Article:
Calluna started out as a little test I did to see if I could add serifs to Museo, to make a slab serif. Because of its pipe bend serifs I suddenly saw the connection between serif and stem, and some sort of direction.
I’d always wanted to make a serious (book) text typeface, and I thought that the direction idea might be a nice theme to shape it. So I constructed — with the help of components — a number of characters in FontLab to see if I could get this to work. The whole process happened directly on the computer. No analogue sketching involved this time.
During the design process, I frequently flipped the font preview vertically to have a better look at the flow — the one-way direction leading to the upper right corner of each glyph — that I wanted Calluna to have. Where possible, I created or adapted shapes and serifs to fit this flow idea. Of course I didn’t restrict myself 100% to this idea. When things didn’t work in words or sentences I did change them.
For more than 1.5 years I worked on Calluna and reworked each glyph many, many times. The goal was to make a text typeface, but one with enough interesting details that would come into their own when used a little bigger. I had to strike a balance between robustness of function as a text face and refinement, to look good as a display typeface. And that certainly took me some time. For example, I changed the weight of the stems at least three times before I thought they were (really) to my liking. It felt like it had to mature — a bit like wine. Usually I start thinking about the italics at a very early stage, but with Calluna some 6 months must have passed by before I got to them. However, when I began drawing them, they evolved very naturally.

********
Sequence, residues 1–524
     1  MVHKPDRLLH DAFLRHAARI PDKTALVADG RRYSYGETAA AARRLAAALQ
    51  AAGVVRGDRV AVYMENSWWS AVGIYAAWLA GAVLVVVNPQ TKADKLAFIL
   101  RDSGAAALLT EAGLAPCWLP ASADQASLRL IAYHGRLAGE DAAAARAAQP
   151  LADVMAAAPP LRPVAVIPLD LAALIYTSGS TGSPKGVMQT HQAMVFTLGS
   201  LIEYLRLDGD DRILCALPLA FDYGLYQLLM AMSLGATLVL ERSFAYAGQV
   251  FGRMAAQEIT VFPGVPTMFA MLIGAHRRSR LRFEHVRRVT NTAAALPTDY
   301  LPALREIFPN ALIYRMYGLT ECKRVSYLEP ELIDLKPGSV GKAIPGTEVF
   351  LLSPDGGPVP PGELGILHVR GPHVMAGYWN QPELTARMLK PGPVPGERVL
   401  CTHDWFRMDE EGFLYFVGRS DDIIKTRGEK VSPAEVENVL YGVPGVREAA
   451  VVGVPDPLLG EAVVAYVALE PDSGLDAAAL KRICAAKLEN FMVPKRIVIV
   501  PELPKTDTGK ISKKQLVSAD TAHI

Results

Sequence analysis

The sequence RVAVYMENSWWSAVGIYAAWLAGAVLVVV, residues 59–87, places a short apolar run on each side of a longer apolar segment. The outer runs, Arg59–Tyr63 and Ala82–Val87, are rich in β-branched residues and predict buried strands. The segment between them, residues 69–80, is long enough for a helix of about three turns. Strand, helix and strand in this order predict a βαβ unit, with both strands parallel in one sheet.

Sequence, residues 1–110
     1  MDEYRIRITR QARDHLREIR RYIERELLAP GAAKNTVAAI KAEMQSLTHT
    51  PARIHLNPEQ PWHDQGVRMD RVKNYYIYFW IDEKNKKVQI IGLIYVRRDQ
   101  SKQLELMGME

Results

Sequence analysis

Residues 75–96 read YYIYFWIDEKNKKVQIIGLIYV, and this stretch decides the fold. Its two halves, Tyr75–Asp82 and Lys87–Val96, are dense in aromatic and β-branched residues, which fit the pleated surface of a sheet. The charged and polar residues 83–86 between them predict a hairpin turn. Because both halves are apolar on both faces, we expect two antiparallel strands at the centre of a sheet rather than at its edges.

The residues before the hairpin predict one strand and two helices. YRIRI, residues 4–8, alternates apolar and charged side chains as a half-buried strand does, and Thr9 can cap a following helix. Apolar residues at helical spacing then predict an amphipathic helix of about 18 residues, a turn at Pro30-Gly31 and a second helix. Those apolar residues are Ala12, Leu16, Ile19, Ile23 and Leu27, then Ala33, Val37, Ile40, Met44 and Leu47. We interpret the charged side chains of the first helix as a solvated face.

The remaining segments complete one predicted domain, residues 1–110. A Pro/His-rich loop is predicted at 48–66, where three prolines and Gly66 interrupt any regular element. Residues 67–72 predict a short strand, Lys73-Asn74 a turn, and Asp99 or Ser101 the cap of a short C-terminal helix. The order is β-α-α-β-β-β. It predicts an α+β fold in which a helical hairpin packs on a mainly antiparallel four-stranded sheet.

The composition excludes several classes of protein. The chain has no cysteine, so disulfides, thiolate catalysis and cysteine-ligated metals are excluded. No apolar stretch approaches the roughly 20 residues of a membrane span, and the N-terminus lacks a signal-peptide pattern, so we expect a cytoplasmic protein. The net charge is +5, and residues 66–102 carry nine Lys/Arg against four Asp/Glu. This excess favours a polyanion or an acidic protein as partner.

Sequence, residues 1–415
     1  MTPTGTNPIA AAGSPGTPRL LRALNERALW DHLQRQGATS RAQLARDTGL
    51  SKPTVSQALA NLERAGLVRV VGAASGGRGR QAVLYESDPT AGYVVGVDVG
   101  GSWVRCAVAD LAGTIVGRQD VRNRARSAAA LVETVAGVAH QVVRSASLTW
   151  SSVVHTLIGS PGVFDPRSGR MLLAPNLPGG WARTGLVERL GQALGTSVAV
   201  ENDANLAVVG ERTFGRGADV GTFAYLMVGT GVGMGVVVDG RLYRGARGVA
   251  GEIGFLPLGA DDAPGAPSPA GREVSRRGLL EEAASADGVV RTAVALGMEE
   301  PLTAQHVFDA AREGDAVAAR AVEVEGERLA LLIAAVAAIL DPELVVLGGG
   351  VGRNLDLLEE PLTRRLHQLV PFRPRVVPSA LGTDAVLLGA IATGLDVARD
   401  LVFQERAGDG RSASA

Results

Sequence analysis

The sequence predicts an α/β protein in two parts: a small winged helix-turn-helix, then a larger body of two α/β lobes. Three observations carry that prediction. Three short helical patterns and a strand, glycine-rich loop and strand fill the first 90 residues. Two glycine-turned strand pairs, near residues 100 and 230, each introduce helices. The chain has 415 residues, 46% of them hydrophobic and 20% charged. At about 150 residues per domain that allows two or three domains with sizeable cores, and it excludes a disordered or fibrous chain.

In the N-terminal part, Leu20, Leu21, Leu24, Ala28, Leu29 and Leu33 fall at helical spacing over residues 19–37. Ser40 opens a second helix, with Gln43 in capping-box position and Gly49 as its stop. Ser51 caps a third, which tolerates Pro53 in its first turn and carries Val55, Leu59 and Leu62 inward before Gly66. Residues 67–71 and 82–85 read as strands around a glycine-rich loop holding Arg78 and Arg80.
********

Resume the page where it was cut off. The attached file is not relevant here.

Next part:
In the end Calluna grew into a family with 8 styles. At first I only planned 6 styles — with the semibold and semibold italic interpolated — but after some testing, the light and black extrapolations looked very good and only required minor corrections. The workflow was a little different than for my previous typeface (Museo Sans); this time I used Prepolator, Superpolator, and the Adobe Font Developer Kit OpenType (AFDKO). It takes a little time to set it all up, but it’s really worth the effort. Especially because I also want to make Calluna Sans and probably also a slab serif (from the sans). Igino Marini did the spacing and kerning of Calluna with his iKern service.
Did you know I like choosing names for my typefaces? It didn’t take me long to come up with Calluna. The street I live on is a one way street called Callunastraat.
Calluna is a very complete typeface with lots of OpenType goodness, and offers broad language support.
Related: An interview with Jos